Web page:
1. Break the Silence. The events of the past two weeks are raw, emotional, divisive- and there is a part of me that wants to keep quiet, to “wait until things calm down.” But that is not the role of the writer, not the role of the citizen, not the role of the human. The mode of governments, everywhere, is to tell their citizens to keep quiet when crisis (crises) arrives. Trust us, they say. Unite behind us, they say. And so often, we do, if only by not speaking out. And that is crazy dangerous. Afterward, when we find out that “Hell, those dumb, stupid sailors were just shooting at flying fish!” it will be too late. So as tempting as it is to remain silent- and it is tempting: I do not want my words to hurt anyone I know and especially anyone I love- I can’t and won’t.
2. “The” Crisis. There is not a singular crisis, despite the tone of much of the media these days (see: . The kidnapping of the three youths is a crisis. So is Israel’s collective punishment of much of the West Bank in response. So is the killing of five Palestinians in the last ten days. So is the killing of the Israeli kid in the Golan Heights. So is the occupation. So is societal fondness of violence. This does not minimize the horror we should feel in response to the kidnappings: it maximizes the horror we all should feel so often.
3. War is Terrorism, or, Why Hanin Zuabi is 3/4 Right. To sum up MK Hanin Zuabi’s recent statements, as I understand them: (1) The kidnapping itself does not constitute terrorism because (2) these actions cannot be understood outside of the context of the occupation and (3) Israel is using the kidnapping as an excuse to invade the West Bank and attempt to destroy Hamas and (4) Israel’s actions constitute terrorism.
I think she is right about the second and third points, but is wrong about the first point: of course the kidnapping is terrorism. I’d propose the following rough definition of terrorism: abusing, terrifying, punishing, torturing, and endangering innocent human beings in order to achieve certain political ends. That is terrorism. So the first part of Zuabi’s statement is wrong. With that, I don’t think Zuabi’s statement is any more wrong than any attempt to argue for a clear-cut distinction between terrorism and war. Terrorism is part of war and war is a type of terrorism, and thus Zuabi’s fourth point is correct. Israel’s actions in the West Bank do constitute terrorism.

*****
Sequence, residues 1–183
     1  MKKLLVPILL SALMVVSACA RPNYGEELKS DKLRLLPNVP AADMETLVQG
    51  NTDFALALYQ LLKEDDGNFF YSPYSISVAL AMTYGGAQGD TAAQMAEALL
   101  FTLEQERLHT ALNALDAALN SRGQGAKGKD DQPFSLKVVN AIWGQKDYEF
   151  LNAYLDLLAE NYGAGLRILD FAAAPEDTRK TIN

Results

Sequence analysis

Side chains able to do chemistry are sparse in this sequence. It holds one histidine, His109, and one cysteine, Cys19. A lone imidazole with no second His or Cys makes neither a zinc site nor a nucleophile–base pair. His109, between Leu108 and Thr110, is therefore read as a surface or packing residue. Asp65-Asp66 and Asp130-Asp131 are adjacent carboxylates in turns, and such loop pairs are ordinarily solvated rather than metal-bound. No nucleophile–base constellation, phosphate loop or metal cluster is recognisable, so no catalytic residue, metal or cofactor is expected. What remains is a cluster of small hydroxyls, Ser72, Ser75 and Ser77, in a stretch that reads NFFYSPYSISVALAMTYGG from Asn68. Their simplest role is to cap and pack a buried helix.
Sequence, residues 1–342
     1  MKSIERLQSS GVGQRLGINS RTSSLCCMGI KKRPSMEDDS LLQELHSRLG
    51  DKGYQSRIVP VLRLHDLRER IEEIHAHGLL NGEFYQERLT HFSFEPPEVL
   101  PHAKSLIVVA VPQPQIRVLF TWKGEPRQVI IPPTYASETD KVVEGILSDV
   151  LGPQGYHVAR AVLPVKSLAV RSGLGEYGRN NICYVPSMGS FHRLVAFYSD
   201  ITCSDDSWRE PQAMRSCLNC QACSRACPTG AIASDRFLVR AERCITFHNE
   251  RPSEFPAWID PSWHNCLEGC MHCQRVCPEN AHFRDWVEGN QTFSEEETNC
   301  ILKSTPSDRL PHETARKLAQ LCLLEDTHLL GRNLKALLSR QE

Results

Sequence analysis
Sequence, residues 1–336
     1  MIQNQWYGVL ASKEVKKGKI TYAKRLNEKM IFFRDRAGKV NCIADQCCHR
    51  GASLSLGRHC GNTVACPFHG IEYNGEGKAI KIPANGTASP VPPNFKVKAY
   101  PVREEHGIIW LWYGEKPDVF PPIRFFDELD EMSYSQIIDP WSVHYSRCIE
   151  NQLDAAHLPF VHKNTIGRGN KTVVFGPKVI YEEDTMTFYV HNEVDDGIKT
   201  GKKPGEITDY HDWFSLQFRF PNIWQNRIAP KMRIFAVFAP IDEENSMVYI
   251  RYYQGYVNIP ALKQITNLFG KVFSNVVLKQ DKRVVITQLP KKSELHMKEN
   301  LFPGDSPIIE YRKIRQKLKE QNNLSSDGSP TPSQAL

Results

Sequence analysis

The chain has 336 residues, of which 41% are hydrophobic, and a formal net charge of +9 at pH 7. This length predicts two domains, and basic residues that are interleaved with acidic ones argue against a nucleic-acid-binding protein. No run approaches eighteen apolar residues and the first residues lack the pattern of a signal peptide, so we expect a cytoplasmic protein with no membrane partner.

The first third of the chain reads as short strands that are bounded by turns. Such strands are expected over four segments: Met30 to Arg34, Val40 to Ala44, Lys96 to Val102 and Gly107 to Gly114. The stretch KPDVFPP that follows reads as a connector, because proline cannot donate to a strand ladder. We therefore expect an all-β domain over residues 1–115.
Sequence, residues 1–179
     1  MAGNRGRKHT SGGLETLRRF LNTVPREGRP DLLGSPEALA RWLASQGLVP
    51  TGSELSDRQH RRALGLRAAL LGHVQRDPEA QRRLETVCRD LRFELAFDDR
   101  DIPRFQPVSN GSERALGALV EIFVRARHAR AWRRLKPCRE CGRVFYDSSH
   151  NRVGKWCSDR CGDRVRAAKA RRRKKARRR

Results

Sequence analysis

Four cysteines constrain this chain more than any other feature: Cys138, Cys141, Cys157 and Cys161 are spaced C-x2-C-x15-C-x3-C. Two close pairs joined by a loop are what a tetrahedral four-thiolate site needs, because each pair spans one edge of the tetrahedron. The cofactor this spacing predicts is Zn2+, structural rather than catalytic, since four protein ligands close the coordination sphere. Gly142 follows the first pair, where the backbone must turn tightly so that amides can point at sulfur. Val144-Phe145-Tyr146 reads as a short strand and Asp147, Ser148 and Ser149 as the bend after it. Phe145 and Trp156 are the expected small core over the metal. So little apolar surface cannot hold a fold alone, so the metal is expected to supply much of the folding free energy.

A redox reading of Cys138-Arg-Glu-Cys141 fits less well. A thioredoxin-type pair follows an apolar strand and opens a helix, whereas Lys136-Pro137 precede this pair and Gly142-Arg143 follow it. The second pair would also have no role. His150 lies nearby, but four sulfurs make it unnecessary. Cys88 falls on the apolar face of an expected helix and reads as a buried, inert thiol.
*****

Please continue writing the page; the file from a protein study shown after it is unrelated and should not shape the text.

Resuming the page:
What is the difference between kidnapping kids as they hitchhike home from school in the West Bank and kidnapping kids as they play soccer in East Jerusalem? Frequency (the latter happens hundreds if not thousands of times more frequently). What is the difference between killing a 15-year boy in the Golan Heights and killing a mentally ill man in Nablus? Age (the former had fewer years to live on this planet). Not much else. If someone were to kidnap my little brother, it would not matter to me if he were wearing a uniform or civilian clothes. If someone were to shoot a member of my family, it would not matter to me if the shooter had been acting under government order or militia orders. No amount of grievances, explanations, or anger would make it righter, juster, more OK.
So here’s our choice. Either:
(A) War is OK. If this is the case, then kidnapping children (or adults), a tactic that has proven far more effective than face-to-face negotiation in securing the release of Palestinian prisoners, is OK.
And it is so desperately not. Just take a moment to imagine the fear choking the throats of those boys, the gasping lack- of-breath panic that must surge in their chests, the murder of their right to a quiet childhood. I think, humanly, most of us should be able to say that that is not right, unless we’ve allowed our vision to be cloaked in narrowness and delusion and false Gods of Nation and Rifle and Flag. Here’s where it gets complicated and simplified:
(B) War is not OK. War- which collectively punishes, which kills the innocent along with the innocent, which is a Moloch with so many blood-dripping fangs- is terrorism, and what Israel is doing in the West Bank, including but not limited to the killing of a Palestinian every other day for the last week and a half, the routine kidnapping of Palestinian children in Silwan and Issawiya, the maintenance of an occupation which requires a perpetual war to sustain- is terrorism. And that is one of the crises we face, and about that, we cannot be silent.